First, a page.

How social networks put your biometric data at risk
April 7, 2023
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Social networks have become integral to our lives, enabling us to share photos, videos, and audio to connect with others, build our social presence, and even generate income. However, by sharing this content, we may unintentionally expose our faces, irises, fingerprints, voices, and other biometric patterns to hackers, who can exploit them for malicious purposes.
In this blog post, together with Andrius Januta, Cybersecurity Technical Manager at Nord Security, we'll explore how content shared online can be used to steal our biometrics and discuss ways to protect ourselves from this threat. Let's dive in.
Biometric data: What is it?
Biometric data, or biometrics for short, are body measurements and calculations related to an individual's biological, physical, and behavioral characteristics. This can range from DNA, blood type, signature, and walking gait to the more commonly known fingerprints, face, iris, and voice patterns.
Each person's biometrics are unique, so they offer a superior alternative to passwords for ease of use and enhanced privacy and security. As a result, biometric identification has become increasingly widespread, not only in high-security facilities but also in people's everyday lives.
Today, over 80% of smartphones offer biometric capabilities for their users, enabling device unlocking, user authentication for purchases, and confirmation of sensitive actions within various applications.
Social networks: An endless source of biometrics
Our digital lives are dominated by biometric features that can be exposed on social media platforms like Facebook, Twitter, Instagram, YouTube, TikTok, and others. So by posting seemingly innocent-looking eye makeup, unboxing or live-painting videos, profile photos, stories featuring our daily life, and voicemails, we’re also sharing our unique identifiers with the world.
Rapidly advancing technology and media platforms supporting high-resolution image and video can inadvertently expose our face, iris, fingerprints, and voice patterns that can be cloned and used by threat actors.
How can biometric recognition systems be fooled?
Face, iris, fingerprints, and voice patterns are the four most common biometrics that can easily be harvested from social networks.
Andrius Januta, Cybersecurity Technical Manager at Nord Security, says that while, in general, biometric data offers greater security than passwords, several cases also demonstrate its inherent vulnerabilities.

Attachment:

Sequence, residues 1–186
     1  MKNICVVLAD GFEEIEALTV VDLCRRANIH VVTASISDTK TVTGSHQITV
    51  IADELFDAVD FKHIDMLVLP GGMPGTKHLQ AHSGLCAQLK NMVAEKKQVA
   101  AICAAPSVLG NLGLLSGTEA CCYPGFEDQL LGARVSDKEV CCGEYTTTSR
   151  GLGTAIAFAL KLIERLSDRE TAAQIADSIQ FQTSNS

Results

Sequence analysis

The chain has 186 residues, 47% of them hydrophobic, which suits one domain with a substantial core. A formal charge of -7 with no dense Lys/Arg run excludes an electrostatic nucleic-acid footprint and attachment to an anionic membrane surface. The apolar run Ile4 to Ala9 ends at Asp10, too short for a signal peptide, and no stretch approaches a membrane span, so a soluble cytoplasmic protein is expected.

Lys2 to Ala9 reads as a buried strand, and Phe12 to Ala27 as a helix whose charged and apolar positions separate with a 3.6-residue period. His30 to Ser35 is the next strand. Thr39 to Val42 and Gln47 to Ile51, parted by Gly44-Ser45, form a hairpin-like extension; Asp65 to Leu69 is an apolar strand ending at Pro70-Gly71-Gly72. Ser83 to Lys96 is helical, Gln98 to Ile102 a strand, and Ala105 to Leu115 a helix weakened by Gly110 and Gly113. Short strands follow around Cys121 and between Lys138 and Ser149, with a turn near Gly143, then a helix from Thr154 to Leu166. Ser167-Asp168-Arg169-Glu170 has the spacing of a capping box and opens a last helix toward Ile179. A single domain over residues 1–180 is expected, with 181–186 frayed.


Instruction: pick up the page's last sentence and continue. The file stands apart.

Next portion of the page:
Facial recognition systems can be fooled by gathering high-quality images or videos of an individual, which can then be utilized to craft makeup that mimics another person's facial features, produce hyper-realistic masks, generate 3D renderings, fabricate full-size head replicas, and even employ deepfake technology.
Fingerprint recognition systems, designed to permit authorized users to unlock or access applications, can be compromised by silicone fingerprint replicas or even crafted duplicates made from wood glue.
Iris recognition systems are generally more challenging to falsify compared to facial and fingerprint equivalents. Nevertheless, A. Januta highlights that a few years ago, a high-resolution photograph of the iris, in combination with a contact lens, was sufficient to mimic an eye for unlocking personal devices.
Voice recognition systems are widely used in smart home devices, banking, and finance. However, voice cloning AI software can replicate the voice captured from video or audio messages. Important to highlight is that today, even a short three-second recording is enough to create a high-quality replica of someone's voice.
Malicious use cases
While it’s possible that biometric data can be extracted from social networks, the majority of it doesn’t leak directly from these platforms. Rather, the greater risk for biometric data leaks is from poorly secured databases. In both cases, exposed biometric data can be exploited in various malicious cases.
Accessing devices and accounts
With access to your personal devices and a convincing replica of your facial features, fingerprint, or iris, a cybercriminal can bypass authentication requirements to unlock your device. As a result, they can gain full access to your private information, including contact lists, personal photos and videos, work files, financial data, login credentials, and other sensitive documents.